At the end, one shouldn't be shocked that it's the case. The "ultraviolet" behavior of $$\zeta(s)$$ in some region of the critical strip is dictated by the locations of the nearby zeroes. And those are distributed as eigenvalues of random matrices (random matrix theory); the normalization of the holomorphic function may be affected by the "infrared" density of the zeroes in a larger nearby region. Because there are infinitely many eigenvalues, an arbitrary configuration of the eigenvalues and their gaps has to be realized somewhere, arbitrarily accurately.

Their Reeh-Schlieder-style constructions are morally similar. They want to approximate local field operators – the analogy of the holomorphic function $$f(s)$$ in $$R$$ – and they do so making choices in the time band – the analogy of finding $$\Delta t$$ for which the several local zeroes of the zeta function have good enough locations.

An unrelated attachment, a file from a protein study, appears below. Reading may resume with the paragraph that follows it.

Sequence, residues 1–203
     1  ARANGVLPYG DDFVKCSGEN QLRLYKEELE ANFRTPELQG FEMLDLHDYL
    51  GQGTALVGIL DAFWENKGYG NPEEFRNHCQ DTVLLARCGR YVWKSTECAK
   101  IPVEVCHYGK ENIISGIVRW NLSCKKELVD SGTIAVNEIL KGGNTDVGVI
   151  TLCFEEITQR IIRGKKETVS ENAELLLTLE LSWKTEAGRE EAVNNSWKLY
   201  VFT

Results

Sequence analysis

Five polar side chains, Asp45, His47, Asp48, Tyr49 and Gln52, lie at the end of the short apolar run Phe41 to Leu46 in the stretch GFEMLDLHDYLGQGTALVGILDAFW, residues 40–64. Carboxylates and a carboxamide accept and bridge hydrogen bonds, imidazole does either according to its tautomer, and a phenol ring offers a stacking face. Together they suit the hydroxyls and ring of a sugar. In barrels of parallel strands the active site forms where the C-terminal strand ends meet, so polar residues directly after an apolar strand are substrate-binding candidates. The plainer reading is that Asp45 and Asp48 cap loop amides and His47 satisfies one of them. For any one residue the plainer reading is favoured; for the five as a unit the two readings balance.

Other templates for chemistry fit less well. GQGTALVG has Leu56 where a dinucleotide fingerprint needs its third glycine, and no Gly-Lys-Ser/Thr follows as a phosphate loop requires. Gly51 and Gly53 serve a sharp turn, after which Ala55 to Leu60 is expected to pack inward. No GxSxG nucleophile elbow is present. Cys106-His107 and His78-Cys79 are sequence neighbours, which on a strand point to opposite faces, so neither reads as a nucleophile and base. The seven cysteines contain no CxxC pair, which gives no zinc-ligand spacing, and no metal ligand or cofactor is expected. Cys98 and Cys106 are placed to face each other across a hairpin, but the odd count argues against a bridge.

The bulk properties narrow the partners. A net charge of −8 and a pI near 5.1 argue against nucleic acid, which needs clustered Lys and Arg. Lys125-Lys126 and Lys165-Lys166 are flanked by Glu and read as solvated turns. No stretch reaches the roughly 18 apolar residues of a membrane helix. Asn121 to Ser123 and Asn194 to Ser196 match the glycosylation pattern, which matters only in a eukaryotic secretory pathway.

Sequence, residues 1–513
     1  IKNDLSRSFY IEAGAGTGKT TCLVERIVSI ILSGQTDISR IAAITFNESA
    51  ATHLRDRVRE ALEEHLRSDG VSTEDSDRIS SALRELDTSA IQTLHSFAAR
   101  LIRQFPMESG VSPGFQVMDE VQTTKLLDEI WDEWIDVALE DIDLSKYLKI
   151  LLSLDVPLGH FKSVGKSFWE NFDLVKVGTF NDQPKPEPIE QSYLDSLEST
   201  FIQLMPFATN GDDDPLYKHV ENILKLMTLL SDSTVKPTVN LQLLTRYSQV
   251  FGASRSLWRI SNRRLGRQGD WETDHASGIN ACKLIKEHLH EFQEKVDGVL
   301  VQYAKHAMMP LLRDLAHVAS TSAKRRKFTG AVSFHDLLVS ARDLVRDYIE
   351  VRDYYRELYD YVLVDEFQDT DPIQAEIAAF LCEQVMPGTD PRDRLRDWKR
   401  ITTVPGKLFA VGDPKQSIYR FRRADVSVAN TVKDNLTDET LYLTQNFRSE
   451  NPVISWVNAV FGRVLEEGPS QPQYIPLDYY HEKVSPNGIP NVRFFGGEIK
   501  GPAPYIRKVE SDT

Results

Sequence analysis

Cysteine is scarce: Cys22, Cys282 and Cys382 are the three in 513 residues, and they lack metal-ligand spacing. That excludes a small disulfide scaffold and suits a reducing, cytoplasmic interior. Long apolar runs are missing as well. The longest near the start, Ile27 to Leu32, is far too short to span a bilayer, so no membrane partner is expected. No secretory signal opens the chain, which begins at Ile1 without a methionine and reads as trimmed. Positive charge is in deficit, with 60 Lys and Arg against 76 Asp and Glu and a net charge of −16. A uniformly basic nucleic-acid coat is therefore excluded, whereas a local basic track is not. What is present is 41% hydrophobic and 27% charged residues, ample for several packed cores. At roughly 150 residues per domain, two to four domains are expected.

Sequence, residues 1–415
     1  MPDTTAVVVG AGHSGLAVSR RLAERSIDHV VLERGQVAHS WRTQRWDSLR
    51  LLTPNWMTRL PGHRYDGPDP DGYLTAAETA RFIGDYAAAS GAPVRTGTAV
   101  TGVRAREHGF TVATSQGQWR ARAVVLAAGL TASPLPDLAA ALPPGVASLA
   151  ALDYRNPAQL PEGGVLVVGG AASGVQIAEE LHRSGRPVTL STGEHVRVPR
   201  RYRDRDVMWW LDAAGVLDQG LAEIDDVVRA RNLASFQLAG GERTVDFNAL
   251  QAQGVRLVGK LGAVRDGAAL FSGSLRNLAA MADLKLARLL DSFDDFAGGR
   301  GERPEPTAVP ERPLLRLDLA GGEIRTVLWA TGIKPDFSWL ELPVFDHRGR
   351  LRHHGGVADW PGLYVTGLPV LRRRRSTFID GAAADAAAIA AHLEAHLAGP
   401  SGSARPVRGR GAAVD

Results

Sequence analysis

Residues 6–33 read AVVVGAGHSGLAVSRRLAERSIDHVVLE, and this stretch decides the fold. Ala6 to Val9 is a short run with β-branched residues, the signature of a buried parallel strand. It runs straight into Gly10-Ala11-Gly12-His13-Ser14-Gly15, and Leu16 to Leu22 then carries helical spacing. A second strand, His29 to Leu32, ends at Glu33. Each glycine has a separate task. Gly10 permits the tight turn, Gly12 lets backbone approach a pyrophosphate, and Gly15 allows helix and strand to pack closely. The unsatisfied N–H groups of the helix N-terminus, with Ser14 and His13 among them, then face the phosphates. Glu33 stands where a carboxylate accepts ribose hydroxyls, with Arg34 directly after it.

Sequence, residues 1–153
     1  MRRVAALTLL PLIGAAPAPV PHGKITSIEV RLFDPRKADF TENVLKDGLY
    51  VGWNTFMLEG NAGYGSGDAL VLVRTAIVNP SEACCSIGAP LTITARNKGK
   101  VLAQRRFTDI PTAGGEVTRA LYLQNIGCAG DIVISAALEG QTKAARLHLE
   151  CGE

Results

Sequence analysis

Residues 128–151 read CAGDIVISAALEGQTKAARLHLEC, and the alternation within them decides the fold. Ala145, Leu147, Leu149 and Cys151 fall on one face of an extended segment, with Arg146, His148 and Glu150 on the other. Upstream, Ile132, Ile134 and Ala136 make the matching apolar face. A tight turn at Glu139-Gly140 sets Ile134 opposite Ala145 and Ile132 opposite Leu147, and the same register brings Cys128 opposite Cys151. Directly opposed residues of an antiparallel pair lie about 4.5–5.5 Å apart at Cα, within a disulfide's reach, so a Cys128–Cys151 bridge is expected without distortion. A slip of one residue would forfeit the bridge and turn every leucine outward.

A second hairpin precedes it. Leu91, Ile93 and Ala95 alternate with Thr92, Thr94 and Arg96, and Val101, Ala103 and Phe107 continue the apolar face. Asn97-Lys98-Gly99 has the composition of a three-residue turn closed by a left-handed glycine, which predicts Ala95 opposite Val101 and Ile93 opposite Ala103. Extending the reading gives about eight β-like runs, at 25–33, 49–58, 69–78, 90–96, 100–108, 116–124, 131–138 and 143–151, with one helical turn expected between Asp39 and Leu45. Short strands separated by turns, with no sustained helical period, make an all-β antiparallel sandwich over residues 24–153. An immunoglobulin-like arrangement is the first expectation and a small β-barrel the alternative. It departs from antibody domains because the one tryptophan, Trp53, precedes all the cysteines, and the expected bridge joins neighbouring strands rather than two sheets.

The analogy may be closer and more quantitative than I suggested so far, especially because the truncation limit $$p_c=N \ln(N)$$ resembles expressions that consistently emerge in the discussion of the primes and zeta zeroes, for example, it is an approximation for the $$N$$-th prime.

I can't resist to make another heuristic, popular comment which seems enlightening to me. Holograms – those in the real life – have one cool property, namely that if you only possess one small broken piece of the hologram, you may see the whole 3D object in it (but with a poorer sharpness). Holography in quantum gravity is mathematically analogous to Dennis Gábor's Hungarian (i.e. non-gravitational) holography in wave optics. So this qualitative result must also hold in quantum gravity.

And the paper by Banerjee et al. (discussed above) is doing something similar. Out of the fragment of the hologram – out of the field operators in the thin time band – one can reconstruct everything that can be seen up to the horizon. But they go further and show that there exists a (no longer unique) way to construct functions of the "operators in the fragment of the hologram" that also approximate objects outside the horizon arbitrarily accurately. Regions of spacetime are ready for any possible continuation of the spacetime fields behind the region's boundary.